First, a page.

My asparagus convalescence – from a childhood spent eating the mushy, canned stuff – began late in my adolescence, when my mother boiled fresh spears, then napped them with homemade hollandaise.
The healing was not complete until years later, when I tasted grilled asparagus. Charred, tender yet crisp, it captured a flavor that, if I were in charge of the vegetable’s PR, I might call Springtime’s Essence. Its delicacy was deepened by a turn over the fire, giving its natural winsomeness a kind of side-dish gravitas.
To my mind, everything about spring is epitomized by asparagus. As is frequently the case with converts, I have become a bit militant on the subject. To me, if you don’t care for grilled asparagus, then you don’t like grilling and you don’t like asparagus.
The two were made for each other. Boiling, steaming, roasting – none of those methods complement the vegetable’s flavor like a wood or charcoal flame. This is the time of year when asparagus is at its best, and there is no better way of cooking it than putting the green spears on the grill and charring them. It’s a taste of spring that foreshadows summer.
One question that attends the grilling of asparagus is the same one that bedevils other forms of asparagus cooking: Thick or thin, which is better?
I once read a skinny stalk packed more asparagus punch than a fat one, with a texture that is generally less woody. So I selected only the most anorexic spears I could find.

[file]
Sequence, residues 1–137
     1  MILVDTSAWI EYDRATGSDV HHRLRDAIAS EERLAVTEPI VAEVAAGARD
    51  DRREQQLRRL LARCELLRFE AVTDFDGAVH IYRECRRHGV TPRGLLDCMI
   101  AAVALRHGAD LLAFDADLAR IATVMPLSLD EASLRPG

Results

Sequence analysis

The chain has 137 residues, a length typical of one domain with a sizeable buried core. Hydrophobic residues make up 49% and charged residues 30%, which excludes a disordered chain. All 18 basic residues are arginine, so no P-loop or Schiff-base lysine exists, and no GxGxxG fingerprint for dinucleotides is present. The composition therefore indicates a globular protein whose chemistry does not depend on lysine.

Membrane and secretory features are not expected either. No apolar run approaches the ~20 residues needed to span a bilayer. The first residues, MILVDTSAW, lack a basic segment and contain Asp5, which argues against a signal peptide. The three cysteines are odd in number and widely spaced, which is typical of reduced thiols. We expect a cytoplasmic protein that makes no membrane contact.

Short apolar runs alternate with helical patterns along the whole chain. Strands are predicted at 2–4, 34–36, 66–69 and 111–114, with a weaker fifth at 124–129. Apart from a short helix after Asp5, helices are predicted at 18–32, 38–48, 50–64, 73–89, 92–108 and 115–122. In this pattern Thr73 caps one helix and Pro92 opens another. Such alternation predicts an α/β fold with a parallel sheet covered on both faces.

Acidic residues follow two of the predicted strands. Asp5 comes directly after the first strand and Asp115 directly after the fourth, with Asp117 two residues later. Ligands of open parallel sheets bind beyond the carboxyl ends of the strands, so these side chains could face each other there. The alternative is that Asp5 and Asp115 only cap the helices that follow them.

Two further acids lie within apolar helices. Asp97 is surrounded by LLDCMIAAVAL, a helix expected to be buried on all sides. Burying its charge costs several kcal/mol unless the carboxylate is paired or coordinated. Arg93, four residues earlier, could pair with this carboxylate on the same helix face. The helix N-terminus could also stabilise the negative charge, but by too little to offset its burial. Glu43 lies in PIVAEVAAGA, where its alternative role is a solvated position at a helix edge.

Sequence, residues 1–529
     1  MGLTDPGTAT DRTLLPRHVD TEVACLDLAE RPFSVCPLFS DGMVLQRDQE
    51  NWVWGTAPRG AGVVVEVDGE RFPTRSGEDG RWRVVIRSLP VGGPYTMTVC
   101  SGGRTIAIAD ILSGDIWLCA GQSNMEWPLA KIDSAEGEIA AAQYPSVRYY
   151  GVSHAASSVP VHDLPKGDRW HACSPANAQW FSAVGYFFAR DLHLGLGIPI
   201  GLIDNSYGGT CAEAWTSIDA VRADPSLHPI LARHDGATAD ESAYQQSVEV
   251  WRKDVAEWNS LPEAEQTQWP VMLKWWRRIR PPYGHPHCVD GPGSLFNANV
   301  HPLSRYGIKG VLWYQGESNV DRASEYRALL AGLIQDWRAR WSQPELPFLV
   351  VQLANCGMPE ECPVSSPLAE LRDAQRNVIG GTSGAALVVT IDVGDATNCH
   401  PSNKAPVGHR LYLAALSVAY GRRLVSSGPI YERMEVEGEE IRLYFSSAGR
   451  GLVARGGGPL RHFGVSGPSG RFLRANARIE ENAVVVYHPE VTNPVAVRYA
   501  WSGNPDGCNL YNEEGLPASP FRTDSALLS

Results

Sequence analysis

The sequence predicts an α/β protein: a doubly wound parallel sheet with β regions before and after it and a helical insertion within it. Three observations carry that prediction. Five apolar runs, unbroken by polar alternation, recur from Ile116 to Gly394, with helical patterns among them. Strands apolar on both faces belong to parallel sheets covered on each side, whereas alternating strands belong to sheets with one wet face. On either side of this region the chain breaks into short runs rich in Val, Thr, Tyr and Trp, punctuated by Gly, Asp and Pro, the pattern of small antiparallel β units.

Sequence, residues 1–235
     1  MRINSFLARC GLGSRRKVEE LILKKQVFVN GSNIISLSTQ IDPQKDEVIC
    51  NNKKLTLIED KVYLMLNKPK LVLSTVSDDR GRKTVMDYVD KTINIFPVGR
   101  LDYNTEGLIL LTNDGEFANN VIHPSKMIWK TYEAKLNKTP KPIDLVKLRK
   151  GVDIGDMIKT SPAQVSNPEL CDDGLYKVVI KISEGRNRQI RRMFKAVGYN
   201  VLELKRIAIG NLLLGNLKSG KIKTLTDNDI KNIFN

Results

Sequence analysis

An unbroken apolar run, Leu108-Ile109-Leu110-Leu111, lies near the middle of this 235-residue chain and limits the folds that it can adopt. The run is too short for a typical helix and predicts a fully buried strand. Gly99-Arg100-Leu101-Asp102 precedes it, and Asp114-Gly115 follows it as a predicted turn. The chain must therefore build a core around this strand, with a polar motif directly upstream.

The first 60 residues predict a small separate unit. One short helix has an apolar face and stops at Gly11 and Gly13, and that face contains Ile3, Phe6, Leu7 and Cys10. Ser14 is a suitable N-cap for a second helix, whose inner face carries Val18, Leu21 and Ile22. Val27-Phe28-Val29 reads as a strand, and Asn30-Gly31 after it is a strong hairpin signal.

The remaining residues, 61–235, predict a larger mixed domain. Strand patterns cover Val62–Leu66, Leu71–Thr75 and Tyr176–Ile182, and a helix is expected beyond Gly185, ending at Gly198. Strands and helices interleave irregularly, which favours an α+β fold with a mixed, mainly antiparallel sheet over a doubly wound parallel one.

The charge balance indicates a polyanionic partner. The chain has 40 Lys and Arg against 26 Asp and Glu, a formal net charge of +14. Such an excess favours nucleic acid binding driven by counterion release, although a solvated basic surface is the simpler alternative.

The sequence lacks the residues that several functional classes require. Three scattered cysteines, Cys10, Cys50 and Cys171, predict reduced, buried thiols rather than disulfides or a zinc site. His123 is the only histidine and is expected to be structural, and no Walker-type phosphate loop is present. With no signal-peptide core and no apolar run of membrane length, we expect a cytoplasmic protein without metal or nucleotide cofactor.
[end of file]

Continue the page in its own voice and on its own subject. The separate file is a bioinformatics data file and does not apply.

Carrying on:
In due time, consuming the baseball-bat-size things served at steak restaurants upended my skinny-asparagus fetish. If those could be as good as they were (and usually they weren’t even grilled), maybe everything I thought I knew was wrong. And maybe it is. But I now just choose whatever looks good.
That said, slender stalks can burn easily, turning what you hoped would be a nicely charred vegetable into an asparagus crisp. Fat shoots tend to require so much time on the grill to reach tenderness that their outsides can turn soft. Medium-size asparagus, I’ve found, takes well to charring while remaining crisp and tender.
A bigger factor than size is freshness. If the asparagus at hand is limp or its spear ends flake easily or any part of the stalk is wrinkled, I change dinner plans and choose a different vegetable.
Depending on my mood, I might get out the vegetable peeler. Peeling the stalk reveals a pretty, pale green that can seem almost translucent. I cannot vouch for a significant difference in taste (although I do think the flavor becomes less “field” and more “stream,” if that makes sense). But sometimes I just prefer that clean, stripped look.
The versatility of asparagus is yet another of its many virtues. I will never forget an asparagus risotto that my wife and I enjoyed in northern Italy, at once rich, light and bursting with the flavor of springtime. Grilling the asparagus enhanced my attempt to replicate the dish at home.